The women wore hoopskirts, the men carried muskets and the children played hoop and stick around the cemetery as they played out the personalities of people who are buried there.
In the first hour of the event, about 85 people had visited the cemetery to go on a tour of the graveyard, stopping at 15 gravesites to hear a re-enactor tell the story of the person buried there, said Joan Ellars, the director of Keep Marietta Beautiful, which cares for the cemetery and puts on the event.
Residents also went on tours to learn about the history of the city and celebrate the 150th anniversary of the battles around Marietta, including those at Pine Mountain, Kennesaw Mountain and Kolb’s Farm.
Trishia Campbell, a lifelong Marietta resident who is an accountant for Crace Galvis McGrath, said she came to learn about who had come before her.
“We wanted to learn the history here to pass it down to generations,” Campbell said. “My grandmother passed it down to me, and I’ll pass it down to my daughter.”
The re-enactors, who all volunteered to spend the day telling the stories of those from the past, said they enjoyed keeping those memories alive.
Betty Hunter, the president of the Marietta Confederate Cemetery Foundation, played the role of Lucinda Hardage on Sunday, a young girl who survived the war and lived well into the 1930s.
“This is our heritage, and people need to know about it, whether it be Northern of Southern,” Hunter said.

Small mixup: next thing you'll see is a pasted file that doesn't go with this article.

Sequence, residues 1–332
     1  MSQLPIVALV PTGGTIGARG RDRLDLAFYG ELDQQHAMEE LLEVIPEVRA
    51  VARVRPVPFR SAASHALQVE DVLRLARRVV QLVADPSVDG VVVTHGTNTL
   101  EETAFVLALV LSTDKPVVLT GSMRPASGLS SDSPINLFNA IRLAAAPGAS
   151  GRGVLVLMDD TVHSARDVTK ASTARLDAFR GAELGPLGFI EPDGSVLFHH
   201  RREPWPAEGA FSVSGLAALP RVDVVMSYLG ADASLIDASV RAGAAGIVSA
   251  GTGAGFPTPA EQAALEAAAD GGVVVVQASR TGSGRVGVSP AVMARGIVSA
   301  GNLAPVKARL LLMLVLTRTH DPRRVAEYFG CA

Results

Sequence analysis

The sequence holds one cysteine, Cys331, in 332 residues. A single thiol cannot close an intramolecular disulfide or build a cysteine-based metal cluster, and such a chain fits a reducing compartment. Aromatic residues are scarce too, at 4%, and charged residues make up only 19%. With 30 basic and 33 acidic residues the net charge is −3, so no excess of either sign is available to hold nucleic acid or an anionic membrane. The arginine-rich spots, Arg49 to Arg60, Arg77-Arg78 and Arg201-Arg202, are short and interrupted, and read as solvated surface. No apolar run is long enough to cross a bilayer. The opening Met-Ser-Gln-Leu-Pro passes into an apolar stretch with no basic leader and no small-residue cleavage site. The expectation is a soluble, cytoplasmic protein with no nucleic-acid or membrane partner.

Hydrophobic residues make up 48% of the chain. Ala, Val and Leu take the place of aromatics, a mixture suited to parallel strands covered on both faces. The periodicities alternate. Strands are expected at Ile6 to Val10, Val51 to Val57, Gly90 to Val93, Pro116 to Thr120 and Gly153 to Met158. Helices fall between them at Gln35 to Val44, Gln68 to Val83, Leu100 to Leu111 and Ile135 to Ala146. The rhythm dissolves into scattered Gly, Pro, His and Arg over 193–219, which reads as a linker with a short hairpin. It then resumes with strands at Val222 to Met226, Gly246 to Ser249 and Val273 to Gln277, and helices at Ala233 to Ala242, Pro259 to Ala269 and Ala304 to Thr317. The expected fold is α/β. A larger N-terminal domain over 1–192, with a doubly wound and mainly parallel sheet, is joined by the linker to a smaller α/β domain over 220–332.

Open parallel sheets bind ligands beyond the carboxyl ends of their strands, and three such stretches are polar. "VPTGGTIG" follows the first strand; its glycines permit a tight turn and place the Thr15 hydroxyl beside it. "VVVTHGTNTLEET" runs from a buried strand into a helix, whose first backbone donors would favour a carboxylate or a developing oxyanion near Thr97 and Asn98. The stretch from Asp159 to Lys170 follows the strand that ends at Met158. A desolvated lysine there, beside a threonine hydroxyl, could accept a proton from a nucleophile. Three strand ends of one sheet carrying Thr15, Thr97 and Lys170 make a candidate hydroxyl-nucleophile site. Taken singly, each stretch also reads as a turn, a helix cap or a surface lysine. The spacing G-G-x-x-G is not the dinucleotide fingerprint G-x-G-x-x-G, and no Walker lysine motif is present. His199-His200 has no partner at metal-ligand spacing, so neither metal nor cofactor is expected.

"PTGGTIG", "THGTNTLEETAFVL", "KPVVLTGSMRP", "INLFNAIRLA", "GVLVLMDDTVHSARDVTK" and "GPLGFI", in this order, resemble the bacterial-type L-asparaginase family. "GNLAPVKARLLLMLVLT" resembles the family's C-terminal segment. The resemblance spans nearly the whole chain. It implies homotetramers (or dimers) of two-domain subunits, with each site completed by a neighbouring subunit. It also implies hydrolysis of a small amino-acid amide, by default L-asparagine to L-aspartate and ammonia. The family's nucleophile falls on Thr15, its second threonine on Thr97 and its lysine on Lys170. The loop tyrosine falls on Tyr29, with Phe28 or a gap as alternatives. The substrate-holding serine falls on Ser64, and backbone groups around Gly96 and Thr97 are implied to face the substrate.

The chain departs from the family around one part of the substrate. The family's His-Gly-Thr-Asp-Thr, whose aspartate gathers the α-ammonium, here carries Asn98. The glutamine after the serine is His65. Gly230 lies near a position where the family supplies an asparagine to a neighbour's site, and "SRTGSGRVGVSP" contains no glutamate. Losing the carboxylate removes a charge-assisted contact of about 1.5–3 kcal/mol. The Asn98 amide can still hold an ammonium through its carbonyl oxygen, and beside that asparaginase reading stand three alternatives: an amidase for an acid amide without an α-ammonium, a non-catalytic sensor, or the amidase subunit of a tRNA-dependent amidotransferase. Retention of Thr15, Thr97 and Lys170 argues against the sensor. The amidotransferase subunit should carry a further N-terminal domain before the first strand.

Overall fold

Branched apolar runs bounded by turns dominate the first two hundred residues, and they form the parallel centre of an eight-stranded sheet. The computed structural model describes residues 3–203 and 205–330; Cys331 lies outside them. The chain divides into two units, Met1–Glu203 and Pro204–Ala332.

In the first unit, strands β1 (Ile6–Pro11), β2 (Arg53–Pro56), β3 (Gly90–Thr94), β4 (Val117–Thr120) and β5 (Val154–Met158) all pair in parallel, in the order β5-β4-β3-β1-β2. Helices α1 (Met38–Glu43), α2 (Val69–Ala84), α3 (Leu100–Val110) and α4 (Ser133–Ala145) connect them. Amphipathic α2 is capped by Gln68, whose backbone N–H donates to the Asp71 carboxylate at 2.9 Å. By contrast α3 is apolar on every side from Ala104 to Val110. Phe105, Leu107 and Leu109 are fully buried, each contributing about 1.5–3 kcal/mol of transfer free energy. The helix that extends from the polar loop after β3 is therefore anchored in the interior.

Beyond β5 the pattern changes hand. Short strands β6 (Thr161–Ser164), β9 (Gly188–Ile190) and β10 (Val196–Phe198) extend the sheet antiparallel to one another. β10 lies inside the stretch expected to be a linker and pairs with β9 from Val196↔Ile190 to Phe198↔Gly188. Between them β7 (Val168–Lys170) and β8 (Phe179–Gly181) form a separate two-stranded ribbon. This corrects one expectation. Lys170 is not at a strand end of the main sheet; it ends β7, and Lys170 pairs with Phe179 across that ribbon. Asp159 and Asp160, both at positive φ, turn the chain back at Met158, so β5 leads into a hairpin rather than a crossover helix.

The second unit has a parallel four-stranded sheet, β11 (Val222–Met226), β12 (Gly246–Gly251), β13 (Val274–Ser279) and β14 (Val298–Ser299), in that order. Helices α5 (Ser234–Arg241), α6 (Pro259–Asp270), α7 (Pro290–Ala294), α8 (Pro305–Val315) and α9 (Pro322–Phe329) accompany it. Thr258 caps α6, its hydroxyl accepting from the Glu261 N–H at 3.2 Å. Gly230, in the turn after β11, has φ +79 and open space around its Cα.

Another leading woman in the preservation of local history, Becky Paden, a member of the city’s Historic Preservation Commission, said she enjoyed planning the event as part of the 150th anniversary of the battles of Marietta.
“I think it’s a wonderful reminder for those of us who’ve been around a while, and it’s a teaching tool for young people,” Paden said.
Some of the volunteers at the cemetery were regulars. The Ingram family continued its tradition of re-enacting this year when father Steve Ingram, a Marietta firefighter, and son Stephen Ingram, who is 8 years old, slept on the ground in the Marietta Square on Saturday night to get a real feel for the old days.
“I thought this would be a once in a lifetime thing,” Steve Ingram said.
After a night filled with train whistles, nightlife noise and fire truck sirens, though, both father and son agreed it was “terrible.”
On Sunday, the whole Ingram family came to the cemetery, including mother Gretchen Ingram, a Marietta police officer, and her three other children to continue their re-enacting tradition.
Connie Sutherland, the director of the Gone With the Wind Museum, addressed some difference of opinions on the anniversary celebration, while she played the role of Minerva McClatchey for the third straight year, who kept a diary of the burning of Marietta.
“A lot of people think celebrating the Civil War is wrong. And it’s not a celebration; it’s a commemoration — and there’s clearly a difference there,” Sutherland said.
Another difficult part of putting on the cemetery tour, said Nicole Curl of Powder Springs, who manages payroll for the city, is finding volunteers who will agree to play the role of a slave.
Curl volunteered to play the role of Hannah, a slave of the Robart family, for the second time this year.
“I think people need to know that there are slaves buried here too,” Curl said.
As well as being educational, Ellars said the event can be fun.
“This is a chance for people to see where every street name in Marietta comes from,” Ellars said.